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Sunday, 14 September 2014

Hamlet and the Jewish New Year

"I have of late—but wherefore I know not—lost all my mirth” – Hamlet is responding to Rosencrantz and Guildenstern. His friends are wondering why he is so morose.  And Hamlet goes on to describe how the world, and the people in it, can be viewed – but also his struggle to hold on to his optimism and delight with it all.

“What a piece of work is man, how noble in reason, how infinite in faculties, in form and moving how express and admirable, in action how like an angel, in apprehension how like a god!... and yet, to me, what is this quintessence of dust? Man delights not me – nor woman neither...”

Over the last few years I have been utilising some literary texts - King Lear,  Beckett’s Waiting for Godot – as a way of approaching some of the themes of the New Year. This year Hamlet is my jumping off point - though I mused on opting, topically, for ‘the Scottish play’, Macbeth – ‘Present fears/are less than horrible imaginings...what’s done cannot be undone...’  But wherever we start, I feel we need all the help we can get.  And this year more than ever.

Because we’ve taken a battering over the year. Not only the personal stuff that afflicts us year in year out: illnesses, deaths, losses of various kinds, failures and frustrations and disappointments – all the stuff of daily life that we have to contend with, that cast shadows over our sense of well-being, that dent our optimism, that threaten to diminish our pleasure in life. That cause us to ‘lose all our mirth’. Stuff that reminds us of our fragility, our vulnerability, our mortality. And how our sense of meaning and purpose and the goodness of life is easily shaken. We are all at risk in the world.  And at this time of the year Judaism cajoles us into returning to this densely-textured stuff of daily life and reflecting on it.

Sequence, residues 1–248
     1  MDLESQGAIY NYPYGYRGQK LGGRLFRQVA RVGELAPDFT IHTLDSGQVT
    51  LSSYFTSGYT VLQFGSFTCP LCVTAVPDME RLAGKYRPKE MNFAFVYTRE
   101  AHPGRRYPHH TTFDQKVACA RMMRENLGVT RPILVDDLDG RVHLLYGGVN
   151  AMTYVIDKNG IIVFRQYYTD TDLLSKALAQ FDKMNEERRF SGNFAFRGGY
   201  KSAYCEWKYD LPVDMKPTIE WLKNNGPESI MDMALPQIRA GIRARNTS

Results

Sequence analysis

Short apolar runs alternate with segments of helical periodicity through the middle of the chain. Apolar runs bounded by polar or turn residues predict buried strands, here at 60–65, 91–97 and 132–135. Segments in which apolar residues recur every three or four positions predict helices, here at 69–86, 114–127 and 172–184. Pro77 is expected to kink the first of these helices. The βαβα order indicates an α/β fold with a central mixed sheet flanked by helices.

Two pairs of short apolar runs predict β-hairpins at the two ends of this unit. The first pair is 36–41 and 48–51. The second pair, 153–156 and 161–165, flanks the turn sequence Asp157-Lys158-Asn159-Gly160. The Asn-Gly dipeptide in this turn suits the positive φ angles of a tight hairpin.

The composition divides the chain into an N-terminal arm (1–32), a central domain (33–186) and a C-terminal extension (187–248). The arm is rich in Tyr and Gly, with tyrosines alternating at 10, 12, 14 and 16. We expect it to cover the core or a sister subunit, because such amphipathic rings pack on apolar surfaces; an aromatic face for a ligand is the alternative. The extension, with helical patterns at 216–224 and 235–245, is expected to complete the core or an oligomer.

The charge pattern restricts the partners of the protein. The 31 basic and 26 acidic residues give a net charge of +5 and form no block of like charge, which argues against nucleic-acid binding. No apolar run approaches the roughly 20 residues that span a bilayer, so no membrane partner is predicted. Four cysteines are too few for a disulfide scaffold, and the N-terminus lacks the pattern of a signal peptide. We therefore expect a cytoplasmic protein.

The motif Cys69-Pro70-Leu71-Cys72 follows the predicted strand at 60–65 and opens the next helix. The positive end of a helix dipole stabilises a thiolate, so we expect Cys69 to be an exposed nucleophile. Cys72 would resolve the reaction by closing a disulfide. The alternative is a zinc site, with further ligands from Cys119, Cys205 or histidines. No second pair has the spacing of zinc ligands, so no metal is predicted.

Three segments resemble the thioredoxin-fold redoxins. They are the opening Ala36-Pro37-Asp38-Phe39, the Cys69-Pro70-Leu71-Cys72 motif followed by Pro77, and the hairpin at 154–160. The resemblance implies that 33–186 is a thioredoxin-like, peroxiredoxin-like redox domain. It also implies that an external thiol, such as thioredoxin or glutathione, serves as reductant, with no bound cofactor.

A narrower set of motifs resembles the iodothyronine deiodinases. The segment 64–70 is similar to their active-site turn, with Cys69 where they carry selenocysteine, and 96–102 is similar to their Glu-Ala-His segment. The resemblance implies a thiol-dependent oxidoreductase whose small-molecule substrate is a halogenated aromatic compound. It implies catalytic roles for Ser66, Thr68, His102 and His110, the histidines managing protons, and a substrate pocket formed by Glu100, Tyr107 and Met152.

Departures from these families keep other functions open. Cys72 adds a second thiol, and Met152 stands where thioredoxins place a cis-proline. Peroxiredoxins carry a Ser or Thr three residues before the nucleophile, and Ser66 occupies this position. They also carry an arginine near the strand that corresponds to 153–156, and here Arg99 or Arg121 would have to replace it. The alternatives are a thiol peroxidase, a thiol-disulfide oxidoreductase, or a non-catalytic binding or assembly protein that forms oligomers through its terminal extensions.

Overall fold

But this year, in addition, we’ve had to contend with some larger themes: about Israel and the anguish of war, again; and deaths again, deaths of ‘us’ and deaths of ‘them’; and all that  wondering about the need for it, the needlessness of it, our helplessness in it, struggling to find a response to the threats and the suffering that isn’t a cry of anguish – or struggling to find a worthwhile response along with a cry of anguish.

And then realising that it’s not just about a struggle ‘over there’, but that it spills over into here -  our streets, our homes - with questions that we feel stirring within us, as we wonder about our security, people feeling threatened as Jews – though in truth there’s little real evidence for it, but a spurious Jewish Chronicle scare-mongering survey taps precisely into the Jewish nervous system, historical and atavistic, that many Jews carry deep within them.